Sunday, September 23, 2007

First Day of Fall

This morning was the first sunrise of autumn. This is personally noteworthy because 18 years ago on this date, Dawn and I exchanged vows at a sunrise service outdoors at Bald Peak State Park (on the eastern edge of the Coast Range south of Hillsboro, Oregon). It was a small service (immediate family only), and my older brother flew out from his home in South Carolina--the rest of his family ended up spending the weekend huddled in their bathroom while their house was pummelled by Hurricane Hugo. Being a couple of poor graduate students at the time, we had (I kid you not) a pot-luck reception later that day at Champoeg Park. (The weather was gorgeous all day, as was my bride.)

This morning, as I stepped outside early to get the newspaper, I heard the first Townsend's Solitaires (Myadestes townsendi) calling in the yard. These members of the thrush family (think Robins and Bluebirds) nest in higher country, where they feed their young mostly insects. Many of them return to the high desert of Central Oregon, where they spend the winter feeding on juniper berries. They are one of the few passerines (perching birds) that establish and defend winter territories, and they do this to ensure access to a sufficient supply of these berries. Their clear, single, piping call notes (what I heard this morning) is their primary way of establishing and maintaining territorial boundaries.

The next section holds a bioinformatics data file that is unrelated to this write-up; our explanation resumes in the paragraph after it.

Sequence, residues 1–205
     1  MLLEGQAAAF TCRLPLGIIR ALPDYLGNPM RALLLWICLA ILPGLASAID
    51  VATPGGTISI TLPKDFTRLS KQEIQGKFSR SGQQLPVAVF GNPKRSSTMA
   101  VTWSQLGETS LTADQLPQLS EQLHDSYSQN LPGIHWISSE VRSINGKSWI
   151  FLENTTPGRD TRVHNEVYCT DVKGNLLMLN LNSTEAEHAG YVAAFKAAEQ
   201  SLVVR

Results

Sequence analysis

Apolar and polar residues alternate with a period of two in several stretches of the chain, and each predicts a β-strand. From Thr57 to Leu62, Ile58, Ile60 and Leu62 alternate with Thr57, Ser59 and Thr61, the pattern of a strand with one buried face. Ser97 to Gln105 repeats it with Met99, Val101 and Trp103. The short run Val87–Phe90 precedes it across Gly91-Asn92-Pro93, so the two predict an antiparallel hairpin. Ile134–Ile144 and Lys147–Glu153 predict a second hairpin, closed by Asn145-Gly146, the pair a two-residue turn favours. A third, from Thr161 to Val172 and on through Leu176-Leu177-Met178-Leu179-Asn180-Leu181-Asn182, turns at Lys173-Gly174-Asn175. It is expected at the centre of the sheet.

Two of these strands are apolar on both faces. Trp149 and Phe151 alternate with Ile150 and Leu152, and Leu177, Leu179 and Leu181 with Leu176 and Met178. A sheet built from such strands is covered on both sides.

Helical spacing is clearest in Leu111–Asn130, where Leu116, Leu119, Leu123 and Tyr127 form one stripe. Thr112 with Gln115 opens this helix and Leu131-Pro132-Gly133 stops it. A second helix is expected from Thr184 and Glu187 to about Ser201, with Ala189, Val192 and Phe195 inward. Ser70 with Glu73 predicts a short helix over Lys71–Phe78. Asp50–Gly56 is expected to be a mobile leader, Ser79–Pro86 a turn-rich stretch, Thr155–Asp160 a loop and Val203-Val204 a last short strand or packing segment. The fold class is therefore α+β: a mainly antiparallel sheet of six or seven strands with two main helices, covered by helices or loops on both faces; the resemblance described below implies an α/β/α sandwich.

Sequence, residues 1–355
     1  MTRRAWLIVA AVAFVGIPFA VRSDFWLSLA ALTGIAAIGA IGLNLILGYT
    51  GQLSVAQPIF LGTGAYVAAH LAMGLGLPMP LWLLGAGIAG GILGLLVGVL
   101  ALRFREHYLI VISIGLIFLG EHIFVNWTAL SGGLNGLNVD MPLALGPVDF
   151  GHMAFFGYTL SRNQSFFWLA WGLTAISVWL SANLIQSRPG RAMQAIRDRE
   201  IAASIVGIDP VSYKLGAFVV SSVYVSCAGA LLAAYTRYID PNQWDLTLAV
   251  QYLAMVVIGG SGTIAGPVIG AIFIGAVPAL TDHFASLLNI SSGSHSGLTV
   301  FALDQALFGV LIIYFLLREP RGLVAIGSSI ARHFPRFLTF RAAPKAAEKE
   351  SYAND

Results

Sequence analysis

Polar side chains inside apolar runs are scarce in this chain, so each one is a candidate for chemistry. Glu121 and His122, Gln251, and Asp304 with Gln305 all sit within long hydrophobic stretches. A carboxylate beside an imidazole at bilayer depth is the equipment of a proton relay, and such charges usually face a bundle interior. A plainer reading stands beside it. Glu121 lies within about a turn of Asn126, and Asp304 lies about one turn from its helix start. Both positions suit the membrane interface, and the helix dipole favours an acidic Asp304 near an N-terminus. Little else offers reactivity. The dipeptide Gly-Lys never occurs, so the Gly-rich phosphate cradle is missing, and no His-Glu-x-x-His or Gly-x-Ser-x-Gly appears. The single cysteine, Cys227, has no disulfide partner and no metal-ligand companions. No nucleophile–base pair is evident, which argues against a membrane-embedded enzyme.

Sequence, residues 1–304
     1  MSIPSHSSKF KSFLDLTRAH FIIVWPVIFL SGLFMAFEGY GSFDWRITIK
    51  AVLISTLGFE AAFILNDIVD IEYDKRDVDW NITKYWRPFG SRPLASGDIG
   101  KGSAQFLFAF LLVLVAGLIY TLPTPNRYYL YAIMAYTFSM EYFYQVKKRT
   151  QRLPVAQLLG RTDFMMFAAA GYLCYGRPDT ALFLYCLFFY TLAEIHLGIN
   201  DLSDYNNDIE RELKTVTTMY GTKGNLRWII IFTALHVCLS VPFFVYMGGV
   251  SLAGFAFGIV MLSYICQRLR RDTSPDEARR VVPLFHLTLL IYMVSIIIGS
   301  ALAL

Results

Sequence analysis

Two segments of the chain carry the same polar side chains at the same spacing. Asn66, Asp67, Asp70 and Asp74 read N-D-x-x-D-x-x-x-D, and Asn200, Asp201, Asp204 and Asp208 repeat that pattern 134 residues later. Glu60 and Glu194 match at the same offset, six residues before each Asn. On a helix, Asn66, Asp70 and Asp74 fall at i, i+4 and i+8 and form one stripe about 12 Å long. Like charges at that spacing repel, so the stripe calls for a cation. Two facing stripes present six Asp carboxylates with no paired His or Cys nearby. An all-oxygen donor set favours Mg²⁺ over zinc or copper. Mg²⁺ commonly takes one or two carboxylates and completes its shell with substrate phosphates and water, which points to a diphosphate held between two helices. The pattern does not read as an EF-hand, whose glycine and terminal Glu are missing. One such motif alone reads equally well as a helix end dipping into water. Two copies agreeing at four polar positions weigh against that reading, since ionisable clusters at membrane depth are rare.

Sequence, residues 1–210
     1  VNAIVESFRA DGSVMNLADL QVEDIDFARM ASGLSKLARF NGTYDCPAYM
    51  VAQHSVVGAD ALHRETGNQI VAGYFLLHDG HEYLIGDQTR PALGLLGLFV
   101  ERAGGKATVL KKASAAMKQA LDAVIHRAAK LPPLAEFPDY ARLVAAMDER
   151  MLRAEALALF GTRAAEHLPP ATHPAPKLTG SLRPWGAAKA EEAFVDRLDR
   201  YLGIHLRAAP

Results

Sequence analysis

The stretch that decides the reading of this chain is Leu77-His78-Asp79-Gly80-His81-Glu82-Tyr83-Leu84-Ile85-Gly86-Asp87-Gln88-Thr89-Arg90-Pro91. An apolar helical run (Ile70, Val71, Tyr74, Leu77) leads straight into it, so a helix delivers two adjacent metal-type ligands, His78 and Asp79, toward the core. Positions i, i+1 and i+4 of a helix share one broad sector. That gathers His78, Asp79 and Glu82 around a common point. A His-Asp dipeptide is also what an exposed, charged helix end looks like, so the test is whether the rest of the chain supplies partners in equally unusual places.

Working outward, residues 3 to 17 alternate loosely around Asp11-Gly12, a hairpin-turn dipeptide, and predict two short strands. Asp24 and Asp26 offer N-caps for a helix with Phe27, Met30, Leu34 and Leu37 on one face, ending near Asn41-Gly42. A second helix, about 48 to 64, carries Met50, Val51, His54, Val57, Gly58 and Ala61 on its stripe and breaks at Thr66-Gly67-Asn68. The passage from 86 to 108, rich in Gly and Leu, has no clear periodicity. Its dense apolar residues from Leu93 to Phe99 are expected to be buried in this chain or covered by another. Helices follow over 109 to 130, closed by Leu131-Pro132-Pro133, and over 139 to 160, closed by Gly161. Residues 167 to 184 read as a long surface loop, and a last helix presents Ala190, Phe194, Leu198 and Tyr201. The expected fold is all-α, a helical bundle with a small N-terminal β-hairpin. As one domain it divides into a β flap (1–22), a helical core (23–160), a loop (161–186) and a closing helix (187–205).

These birds don't, of course, have access to our calendars or know that it's the first day of autumn. But neither do they migrate arbitrarily--we can be sure that there'll be cool days and cold nights in the weeks ahead. As much as I like summer, I look forward to the changing of the seasons, and am leaning into this fall.

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